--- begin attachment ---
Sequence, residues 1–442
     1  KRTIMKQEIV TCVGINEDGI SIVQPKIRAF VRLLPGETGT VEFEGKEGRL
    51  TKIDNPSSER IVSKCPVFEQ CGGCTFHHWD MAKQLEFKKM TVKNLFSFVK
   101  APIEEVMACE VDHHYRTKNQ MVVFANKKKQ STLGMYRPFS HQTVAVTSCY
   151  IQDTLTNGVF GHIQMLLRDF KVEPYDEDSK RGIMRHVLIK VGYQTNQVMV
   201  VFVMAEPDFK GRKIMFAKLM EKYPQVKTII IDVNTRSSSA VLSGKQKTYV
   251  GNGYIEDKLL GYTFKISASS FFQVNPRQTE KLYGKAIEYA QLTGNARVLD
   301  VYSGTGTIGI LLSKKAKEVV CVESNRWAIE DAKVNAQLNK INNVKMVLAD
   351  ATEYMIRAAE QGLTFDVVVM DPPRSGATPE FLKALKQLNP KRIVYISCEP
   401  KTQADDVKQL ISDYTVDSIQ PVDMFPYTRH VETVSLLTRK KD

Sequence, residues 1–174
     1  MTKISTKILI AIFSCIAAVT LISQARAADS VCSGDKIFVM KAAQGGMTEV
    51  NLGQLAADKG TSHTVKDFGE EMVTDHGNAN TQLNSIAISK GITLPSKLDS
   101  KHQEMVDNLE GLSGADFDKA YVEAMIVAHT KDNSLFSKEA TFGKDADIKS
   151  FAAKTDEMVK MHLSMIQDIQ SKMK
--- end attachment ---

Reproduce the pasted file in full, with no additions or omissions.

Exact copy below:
Sequence, residues 1–442
     1  KRTIMKQEIV TCVGINEDGI SIVQPKIRAF VRLLPGETGT VEFEGKEGRL
    51  TKIDNPSSER IVSKCPVFEQ CGGCTFHHWD MAKQLEFKKM TVKNLFSFVK
   101  APIEEVMACE VDHHYRTKNQ MVVFANKKKQ STLGMYRPFS HQTVAVTSCY
   151  IQDTLTNGVF GHIQMLLRDF KVEPYDEDSK RGIMRHVLIK VGYQTNQVMV
   201  VFVMAEPDFK GRKIMFAKLM EKYPQVKTII IDVNTRSSSA VLSGKQKTYV
   251  GNGYIEDKLL GYTFKISASS FFQVNPRQTE KLYGKAIEYA QLTGNARVLD
   301  VYSGTGTIGI LLSKKAKEVV CVESNRWAIE DAKVNAQLNK INNVKMVLAD
   351  ATEYMIRAAE QGLTFDVVVM DPPRSGATPE FLKALKQLNP KRIVYISCEP
   401  KTQADDVKQL ISDYTVDSIQ PVDMFPYTRH VETVSLLTRK KD

Sequence, residues 1–174
     1  MTKISTKILI AIFSCIAAVT LISQARAADS VCSGDKIFVM KAAQGGMTEV
    51  NLGQLAADKG TSHTVKDFGE EMVTDHGNAN TQLNSIAISK GITLPSKLDS
   101  KHQEMVDNLE GLSGADFDKA YVEAMIVAHT KDNSLFSKEA TFGKDADIKS
   151  FAAKTDEMVK MHLSMIQDIQ SKMK